A yellow sticky note with the word “Sears” scribbled on it identified veteran teacher Erin Sears’ new classroom. “Welcome to my room,” she said, beaming at the doorway as she greeted her fellow second-grade teachers late last month. Sears and about 80 other educators at Morris Jeff Community School were taking a first look… Continue reading →

Can schools create gifted students? One La. district gives extra support to high-potential minority students

Sally Meredith’s reading class looks different from most at Albert Cammon Middle School in St. Rose. Meredith, an eighth-grade teacher at the school, doesn’t spend her fifth-period reading class helping her 13-year-old students through difficult passages or having them read aloud. Instead, she largely lets her students take charge in debates over questions she… Continue reading →

Six candidates apply to be Jefferson schools superintendent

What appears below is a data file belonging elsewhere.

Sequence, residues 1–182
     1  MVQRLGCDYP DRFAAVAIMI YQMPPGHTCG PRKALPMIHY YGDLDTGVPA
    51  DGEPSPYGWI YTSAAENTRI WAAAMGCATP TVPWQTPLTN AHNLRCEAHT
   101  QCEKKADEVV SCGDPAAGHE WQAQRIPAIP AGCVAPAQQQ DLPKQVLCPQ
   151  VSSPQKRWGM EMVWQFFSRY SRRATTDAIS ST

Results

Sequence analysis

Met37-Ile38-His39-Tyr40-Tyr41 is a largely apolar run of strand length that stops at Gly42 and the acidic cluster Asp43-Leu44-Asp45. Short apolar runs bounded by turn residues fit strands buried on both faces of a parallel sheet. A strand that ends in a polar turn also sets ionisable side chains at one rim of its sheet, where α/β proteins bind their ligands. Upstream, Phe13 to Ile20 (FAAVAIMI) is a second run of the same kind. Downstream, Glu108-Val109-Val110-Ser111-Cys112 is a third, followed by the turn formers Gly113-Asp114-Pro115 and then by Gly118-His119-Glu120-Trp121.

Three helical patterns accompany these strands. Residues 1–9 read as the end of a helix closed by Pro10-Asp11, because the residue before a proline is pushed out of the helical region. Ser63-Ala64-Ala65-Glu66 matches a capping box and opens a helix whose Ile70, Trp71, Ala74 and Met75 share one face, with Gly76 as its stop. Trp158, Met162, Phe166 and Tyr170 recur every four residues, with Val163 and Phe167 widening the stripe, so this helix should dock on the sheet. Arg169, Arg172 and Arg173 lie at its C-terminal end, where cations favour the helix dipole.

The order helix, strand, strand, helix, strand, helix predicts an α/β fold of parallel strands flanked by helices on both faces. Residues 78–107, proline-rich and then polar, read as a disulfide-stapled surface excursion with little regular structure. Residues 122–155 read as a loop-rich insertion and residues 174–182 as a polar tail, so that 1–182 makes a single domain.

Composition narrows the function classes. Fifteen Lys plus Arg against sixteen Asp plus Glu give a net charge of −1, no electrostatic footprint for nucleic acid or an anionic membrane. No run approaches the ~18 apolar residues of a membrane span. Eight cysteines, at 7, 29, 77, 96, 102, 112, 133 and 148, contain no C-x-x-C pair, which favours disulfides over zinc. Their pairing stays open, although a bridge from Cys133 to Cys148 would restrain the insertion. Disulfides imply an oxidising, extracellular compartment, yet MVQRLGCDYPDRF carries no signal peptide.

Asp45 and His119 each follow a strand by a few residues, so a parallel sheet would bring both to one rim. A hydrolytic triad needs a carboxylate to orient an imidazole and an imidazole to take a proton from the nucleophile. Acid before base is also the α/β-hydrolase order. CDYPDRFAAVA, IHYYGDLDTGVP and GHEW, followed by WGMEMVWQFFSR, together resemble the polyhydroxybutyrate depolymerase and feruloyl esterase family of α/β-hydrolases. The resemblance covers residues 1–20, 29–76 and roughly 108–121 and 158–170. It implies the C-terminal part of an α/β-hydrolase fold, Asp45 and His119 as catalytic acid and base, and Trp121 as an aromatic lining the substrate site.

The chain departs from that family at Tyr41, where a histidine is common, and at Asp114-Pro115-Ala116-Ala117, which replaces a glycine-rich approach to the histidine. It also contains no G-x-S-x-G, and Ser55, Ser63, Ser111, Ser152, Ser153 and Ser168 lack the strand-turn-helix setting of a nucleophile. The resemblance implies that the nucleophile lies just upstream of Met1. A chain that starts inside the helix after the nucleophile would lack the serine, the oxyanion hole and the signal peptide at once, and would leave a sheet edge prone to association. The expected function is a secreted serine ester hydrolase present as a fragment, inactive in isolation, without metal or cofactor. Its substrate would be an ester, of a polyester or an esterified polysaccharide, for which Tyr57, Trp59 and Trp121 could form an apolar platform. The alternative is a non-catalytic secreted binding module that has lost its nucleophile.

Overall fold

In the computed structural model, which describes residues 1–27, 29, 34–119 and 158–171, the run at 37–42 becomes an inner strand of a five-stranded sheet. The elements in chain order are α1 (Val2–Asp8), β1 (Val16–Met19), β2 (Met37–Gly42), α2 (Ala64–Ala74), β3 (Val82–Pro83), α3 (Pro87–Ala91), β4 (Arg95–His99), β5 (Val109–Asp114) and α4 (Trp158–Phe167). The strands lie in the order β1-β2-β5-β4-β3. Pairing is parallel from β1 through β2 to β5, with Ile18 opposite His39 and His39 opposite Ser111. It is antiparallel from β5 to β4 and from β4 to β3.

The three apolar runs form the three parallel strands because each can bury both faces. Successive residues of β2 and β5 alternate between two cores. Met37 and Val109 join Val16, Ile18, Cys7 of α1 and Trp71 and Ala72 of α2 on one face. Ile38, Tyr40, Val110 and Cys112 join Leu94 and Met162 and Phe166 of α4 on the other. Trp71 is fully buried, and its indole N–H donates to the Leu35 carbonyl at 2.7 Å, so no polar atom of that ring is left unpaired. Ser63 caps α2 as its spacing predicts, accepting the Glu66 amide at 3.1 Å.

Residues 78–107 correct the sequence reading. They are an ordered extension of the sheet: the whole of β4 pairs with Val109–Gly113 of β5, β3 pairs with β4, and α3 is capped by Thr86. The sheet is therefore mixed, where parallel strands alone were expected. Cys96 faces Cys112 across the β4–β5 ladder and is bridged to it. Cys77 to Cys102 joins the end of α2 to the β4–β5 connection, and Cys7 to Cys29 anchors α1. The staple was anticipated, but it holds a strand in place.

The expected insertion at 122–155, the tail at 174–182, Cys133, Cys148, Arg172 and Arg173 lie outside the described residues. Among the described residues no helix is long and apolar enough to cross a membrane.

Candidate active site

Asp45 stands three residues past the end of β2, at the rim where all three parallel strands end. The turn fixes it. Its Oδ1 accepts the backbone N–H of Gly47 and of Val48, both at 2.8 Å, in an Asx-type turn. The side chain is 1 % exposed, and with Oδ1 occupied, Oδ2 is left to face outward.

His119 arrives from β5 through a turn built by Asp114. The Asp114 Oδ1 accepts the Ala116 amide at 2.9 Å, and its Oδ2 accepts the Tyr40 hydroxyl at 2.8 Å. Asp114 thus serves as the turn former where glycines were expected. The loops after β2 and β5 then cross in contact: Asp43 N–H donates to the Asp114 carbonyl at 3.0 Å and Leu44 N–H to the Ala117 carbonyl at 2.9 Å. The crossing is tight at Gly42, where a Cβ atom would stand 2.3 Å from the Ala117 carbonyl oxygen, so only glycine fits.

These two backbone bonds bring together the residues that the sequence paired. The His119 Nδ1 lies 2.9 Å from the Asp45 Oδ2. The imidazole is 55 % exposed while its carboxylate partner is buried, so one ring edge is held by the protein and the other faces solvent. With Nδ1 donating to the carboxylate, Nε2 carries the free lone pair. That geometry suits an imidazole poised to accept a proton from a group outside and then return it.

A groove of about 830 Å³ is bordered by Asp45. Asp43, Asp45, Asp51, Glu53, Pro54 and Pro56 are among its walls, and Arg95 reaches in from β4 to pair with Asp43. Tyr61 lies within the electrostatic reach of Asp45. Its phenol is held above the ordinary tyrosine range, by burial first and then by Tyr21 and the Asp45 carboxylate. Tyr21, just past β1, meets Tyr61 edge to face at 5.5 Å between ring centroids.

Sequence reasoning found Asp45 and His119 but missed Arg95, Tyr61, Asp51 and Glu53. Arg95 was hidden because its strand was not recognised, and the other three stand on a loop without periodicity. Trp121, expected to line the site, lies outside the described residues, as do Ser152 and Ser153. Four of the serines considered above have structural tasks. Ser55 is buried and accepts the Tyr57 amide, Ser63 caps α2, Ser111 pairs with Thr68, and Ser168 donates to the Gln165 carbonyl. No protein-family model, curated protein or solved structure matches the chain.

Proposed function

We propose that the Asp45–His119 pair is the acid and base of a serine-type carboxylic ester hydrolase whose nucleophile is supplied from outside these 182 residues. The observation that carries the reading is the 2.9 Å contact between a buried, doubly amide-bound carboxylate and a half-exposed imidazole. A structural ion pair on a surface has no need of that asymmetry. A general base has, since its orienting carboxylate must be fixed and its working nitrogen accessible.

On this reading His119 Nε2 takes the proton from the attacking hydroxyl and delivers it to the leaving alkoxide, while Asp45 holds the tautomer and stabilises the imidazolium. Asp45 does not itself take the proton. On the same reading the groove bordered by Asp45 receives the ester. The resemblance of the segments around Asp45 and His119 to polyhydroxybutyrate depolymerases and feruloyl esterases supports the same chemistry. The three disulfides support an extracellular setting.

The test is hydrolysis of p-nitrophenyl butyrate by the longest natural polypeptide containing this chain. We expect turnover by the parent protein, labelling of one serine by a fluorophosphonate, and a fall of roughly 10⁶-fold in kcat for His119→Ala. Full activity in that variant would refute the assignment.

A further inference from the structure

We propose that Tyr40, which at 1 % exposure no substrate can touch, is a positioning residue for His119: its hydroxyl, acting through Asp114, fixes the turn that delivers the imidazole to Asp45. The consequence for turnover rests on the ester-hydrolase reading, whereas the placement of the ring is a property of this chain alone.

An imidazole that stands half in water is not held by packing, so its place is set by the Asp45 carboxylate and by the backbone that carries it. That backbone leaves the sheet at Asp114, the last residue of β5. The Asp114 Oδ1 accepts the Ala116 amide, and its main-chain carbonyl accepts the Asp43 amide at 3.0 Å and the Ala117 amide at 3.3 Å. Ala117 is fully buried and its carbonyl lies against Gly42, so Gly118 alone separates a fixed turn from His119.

Michelle Blouin-Williams

Six candidates have applied to replace James Meza as superintendent of Jefferson Parish Public Schools, and the School Board president promises the selection process will be open and transparent. Cedric Floyd said the exact shape of the process will be determined in the next week. He said there still could be other applicants because… Continue reading →

Jefferson Parish schools deputy superintendent applies for top job

About 30 days after the Jefferson Parish public school system began its search for a new superintendent, the outgoing superintendent’s hand-picked successor submitted the first application for the job. The system received an application from Deputy Superintendent Michelle Blouin-Williams on Wednesday evening, School Board President Cedric Floyd said. Applications must be postmarked by Thursday,… Continue reading →

Orleans School Board finally chooses new superintendent

Henderson Lewis Jr.

After almost three years under what was supposed to be temporary leadership, locally controlled public schools in New Orleans finally are set to get a new, permanent superintendent. The Orleans Parish School Board voted unanimously Tuesday night to select East Feliciana Parish Schools Superintendent Henderson Lewis Jr. to run the schools in New Orleans that remain… Continue reading →